Integrative medicine is, in its most simplest terms – a “full body” medicinal approach to health and wellness. It’s an approach that looks at the physical, emotional, mental, social, spiritual, and environmental influences that affect your health.1
Let’s say that you currently go to a general practitioner for your stomach complaint, a therapist for your emotional needs, and an acupuncturist for stress release. These are all great medical professionals.
But the chances of them exchanging notes with each other to come up with a whole body solution to your lifestyle are pretty close to zero.
A doctor of integrative medicine specializes in bringing all of these components together, and more, for a “big picture” look at your health. Integrative medicine is, by definition, a holistic approach.
The Defining Principles of Integrative Medicine
All integrative medicine specialists are guided by a similar set of principles. These guidelines represent how they view optimal health care – and how they’ll work with you. The following principles are common among all integrative physicians:
1. You and your integrative specialist are partners in your health journey.
2. All aspects of wellness and disease are considered when looking at your health – mind, body, and spirit.
3. You will be introduced to both conventional and alternative methods to encourage your body’s natural healing response.
4. Your doctor will, wherever possible, favor natural, less-invasive interventions.
5. Your doctor will not reject conventional medicine nor accept alternative therapies without a critical study of either.
6. Integrative medicine believes that “good medicine” is based on good science. So, it should be continually investigated, and your doctor should be open to new scientific models that arise.
7. The promotion of your good health, and the prevention of illness, are the most important factors.
8. Your healthcare should be individualized to your unique conditions, needs, and circumstances.
9. Your practitioner should also be committed to their own ongoing self-exploration and self-development.2,3
Is a Doctor of Integrative Medicine a Legit Medical Expert?
In order to be accepted by the American Board of Physician Specialties (ABPS), a practitioner of integrative medicine in the U.S. must meet the following legitimate medical qualifications:
- They must be board certified by the American Board of Medical Specialties (ABMS), American Osteopathic Association (AOA), Royal College of Physicians and Surgeons of Canada (RCPSC) Board, or College of Family Physicians of Canada (CFPC).
- They must have completed an approved residency program.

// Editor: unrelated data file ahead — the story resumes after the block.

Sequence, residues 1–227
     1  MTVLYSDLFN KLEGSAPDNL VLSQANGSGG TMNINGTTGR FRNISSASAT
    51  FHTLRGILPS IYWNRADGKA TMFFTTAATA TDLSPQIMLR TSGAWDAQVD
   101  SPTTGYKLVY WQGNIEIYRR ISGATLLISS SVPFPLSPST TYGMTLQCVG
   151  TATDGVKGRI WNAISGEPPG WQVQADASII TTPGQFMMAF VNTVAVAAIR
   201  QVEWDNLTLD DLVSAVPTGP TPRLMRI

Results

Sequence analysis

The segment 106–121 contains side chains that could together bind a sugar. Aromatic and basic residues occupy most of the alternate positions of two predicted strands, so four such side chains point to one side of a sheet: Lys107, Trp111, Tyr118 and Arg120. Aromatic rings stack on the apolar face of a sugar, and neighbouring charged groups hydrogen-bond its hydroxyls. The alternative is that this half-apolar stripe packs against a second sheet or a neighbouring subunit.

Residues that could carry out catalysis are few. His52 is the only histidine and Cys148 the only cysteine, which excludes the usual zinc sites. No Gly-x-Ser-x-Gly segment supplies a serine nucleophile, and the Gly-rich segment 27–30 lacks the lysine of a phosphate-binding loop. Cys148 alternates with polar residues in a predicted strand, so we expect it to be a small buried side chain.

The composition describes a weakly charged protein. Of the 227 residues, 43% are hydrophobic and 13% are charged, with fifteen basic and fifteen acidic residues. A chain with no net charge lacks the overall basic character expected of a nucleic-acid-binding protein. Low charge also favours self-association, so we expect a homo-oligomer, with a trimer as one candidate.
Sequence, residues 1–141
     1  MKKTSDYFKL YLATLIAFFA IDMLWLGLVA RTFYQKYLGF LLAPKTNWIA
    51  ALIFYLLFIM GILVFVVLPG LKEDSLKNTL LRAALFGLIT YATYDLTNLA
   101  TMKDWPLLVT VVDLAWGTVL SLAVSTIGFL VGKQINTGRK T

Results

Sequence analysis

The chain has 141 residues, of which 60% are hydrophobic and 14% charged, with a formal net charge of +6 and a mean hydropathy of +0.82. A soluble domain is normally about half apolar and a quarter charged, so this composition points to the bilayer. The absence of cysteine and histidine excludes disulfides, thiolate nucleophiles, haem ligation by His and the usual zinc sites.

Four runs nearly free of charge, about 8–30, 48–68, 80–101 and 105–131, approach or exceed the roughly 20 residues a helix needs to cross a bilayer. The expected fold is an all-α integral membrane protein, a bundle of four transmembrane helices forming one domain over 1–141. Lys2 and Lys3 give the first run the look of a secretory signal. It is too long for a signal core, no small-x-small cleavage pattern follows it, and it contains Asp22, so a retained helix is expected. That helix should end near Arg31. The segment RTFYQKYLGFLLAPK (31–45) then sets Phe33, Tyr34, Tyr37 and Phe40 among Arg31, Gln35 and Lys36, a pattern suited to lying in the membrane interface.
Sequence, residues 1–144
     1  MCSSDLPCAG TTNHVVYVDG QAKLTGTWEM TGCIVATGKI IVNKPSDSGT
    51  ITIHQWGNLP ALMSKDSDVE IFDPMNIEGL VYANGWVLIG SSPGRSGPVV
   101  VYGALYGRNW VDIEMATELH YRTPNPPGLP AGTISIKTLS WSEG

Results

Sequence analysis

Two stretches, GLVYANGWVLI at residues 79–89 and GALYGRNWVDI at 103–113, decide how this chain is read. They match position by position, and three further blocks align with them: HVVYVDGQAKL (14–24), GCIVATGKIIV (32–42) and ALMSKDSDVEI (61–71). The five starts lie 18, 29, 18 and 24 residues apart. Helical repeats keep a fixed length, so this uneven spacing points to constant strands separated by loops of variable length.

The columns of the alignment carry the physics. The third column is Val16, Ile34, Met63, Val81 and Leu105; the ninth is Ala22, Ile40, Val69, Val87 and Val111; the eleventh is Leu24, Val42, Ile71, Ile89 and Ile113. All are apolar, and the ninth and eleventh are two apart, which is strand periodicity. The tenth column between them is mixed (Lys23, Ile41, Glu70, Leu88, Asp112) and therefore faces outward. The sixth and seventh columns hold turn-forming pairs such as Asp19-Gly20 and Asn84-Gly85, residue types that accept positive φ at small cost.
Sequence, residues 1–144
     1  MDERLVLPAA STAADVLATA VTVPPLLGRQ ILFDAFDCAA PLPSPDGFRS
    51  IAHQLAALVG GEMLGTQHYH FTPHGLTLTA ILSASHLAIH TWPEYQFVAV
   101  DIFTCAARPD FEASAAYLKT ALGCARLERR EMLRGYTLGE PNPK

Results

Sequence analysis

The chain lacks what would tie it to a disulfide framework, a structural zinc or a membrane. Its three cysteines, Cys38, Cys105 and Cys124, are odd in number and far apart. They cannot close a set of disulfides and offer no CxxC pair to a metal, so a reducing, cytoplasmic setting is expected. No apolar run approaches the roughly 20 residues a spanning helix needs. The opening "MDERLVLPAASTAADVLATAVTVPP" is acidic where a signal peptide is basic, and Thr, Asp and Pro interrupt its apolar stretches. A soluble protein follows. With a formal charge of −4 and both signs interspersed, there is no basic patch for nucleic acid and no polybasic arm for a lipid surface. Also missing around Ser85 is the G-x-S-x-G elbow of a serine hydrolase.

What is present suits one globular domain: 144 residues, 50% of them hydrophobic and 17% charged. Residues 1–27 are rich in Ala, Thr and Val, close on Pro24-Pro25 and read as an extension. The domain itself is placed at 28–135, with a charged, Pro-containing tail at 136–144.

- They must have completed an approved fellowship in integrative, naturopathic, or Chinese medicine.4
Modalities of Integrative Medicine
In integrative medicine, modalities are the components that can make up your “holistic” treatment program. These include conventional medicine, alternative therapies, exercise programs, and/or lifestyle changes.
Some of the most common include:
How Integrative Medicine Works
When you first visit a doctor of integrative medicine, they will often spend a lot more time with you than your traditional medical doctor. This is because they want to understand you as a whole person, including the lifestyle you lead. For example, your integrative specialist will want to know:
- Your medical history
- Your diet and exercise habits
- Your social habits
- How you deal with stress
- What medications you’re currently taking
It’s important that you be as open as possible during this session, so your doctor can best assess what you need.
Here’s an example of how integrative medicine might work…
Say you’re having sleep problems. Normally, your doctor might write you a script for sleeping pills and usher you right out of the office. But an integrative physician would take a holistic approach by trying to get to the root of your sleeping problem. Have you been experiencing any work or family stress? Are you practicing good sleep habits? They might then develop an approach that incorporated some stress-relieving practices – like deep breathing exercises, acupuncture, or yoga. They may also look at whether you’ve been exercising, and dive into your dietary habits.6
When all parts of your health are optimally functioning – when your physical health is in peak condition, your mental health is in balance, and your sense of community and social bonds are in harmony – you can live your healthiest, happiest life.
Your body was designed to work as one whole unit. That means getting to the root of a problem, not just medicating it. And, it means learning to understand that your mind, body, and soul are all part of an intricate system. Each has a pivotal part to play in your good health.
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